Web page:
We’ve all been there: stranded, needing to get across a random body of water, but alas, there’s not a bridge in sight. Well, this swarm of autonomous, water-borne robots may be just the answer you’re looking for. Check out this video of this fleet of robots—called the Tactically Expandable Maritime Platform, or TEMP—coming together to build a custom bridge.
Two University of Pennsylvania students, Vijay Kumar and Mark Kim, in cahoots with DARPA, developed TEMP and put together this miniature demonstration in a swimming pool. In a full-sized version, each of these bots would be roughly the same size as a standard shipping container. Each individual piece comes together to form a larger platform in whatever shape your situation requires.
The biggest trick for Kumar and Yim was to come up with a way for each unit to perform the tasks required of it, without them all getting in each other’s way. This was accomplished using complicated algorithms that define the parameters of the unit’s size and assignment, in conjunction with unique visual identification that can be read by cameras, like a QR code you scan with your smartphone. Using these methods—the full-scale units will also employ GPS—the autonomous robots can execute their duties in an orderly fashion.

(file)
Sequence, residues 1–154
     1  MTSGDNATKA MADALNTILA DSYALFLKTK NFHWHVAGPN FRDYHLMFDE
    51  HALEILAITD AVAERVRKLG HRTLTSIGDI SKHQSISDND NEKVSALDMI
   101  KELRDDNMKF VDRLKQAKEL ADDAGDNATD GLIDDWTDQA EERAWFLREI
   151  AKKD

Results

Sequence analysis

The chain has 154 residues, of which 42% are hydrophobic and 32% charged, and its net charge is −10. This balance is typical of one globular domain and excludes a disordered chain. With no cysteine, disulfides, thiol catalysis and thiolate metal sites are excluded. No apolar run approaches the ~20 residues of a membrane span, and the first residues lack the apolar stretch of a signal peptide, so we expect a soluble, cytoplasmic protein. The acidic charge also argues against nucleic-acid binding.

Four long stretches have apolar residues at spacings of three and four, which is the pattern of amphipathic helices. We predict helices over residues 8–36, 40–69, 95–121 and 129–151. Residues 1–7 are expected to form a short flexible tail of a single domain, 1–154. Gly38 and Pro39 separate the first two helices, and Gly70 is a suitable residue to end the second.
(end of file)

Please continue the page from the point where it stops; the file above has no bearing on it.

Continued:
Once arranged properly, they use a “hook and tether” system to connect and hold themselves in position. Yim said, “We give them a structure, and then each boat figures out where to go and in what sequence to go to make that structure.”
In this incarnation, TEMP is only able to perform under optimal conditions. If this project does actually move forward—a big question mark given the potential costs that would be involved—the designers will have to take into account real-world complications like inclement weather and rough water.
However, if they overcome these obstacles, TEMP could be used in military missions and in areas suffering from natural disasters.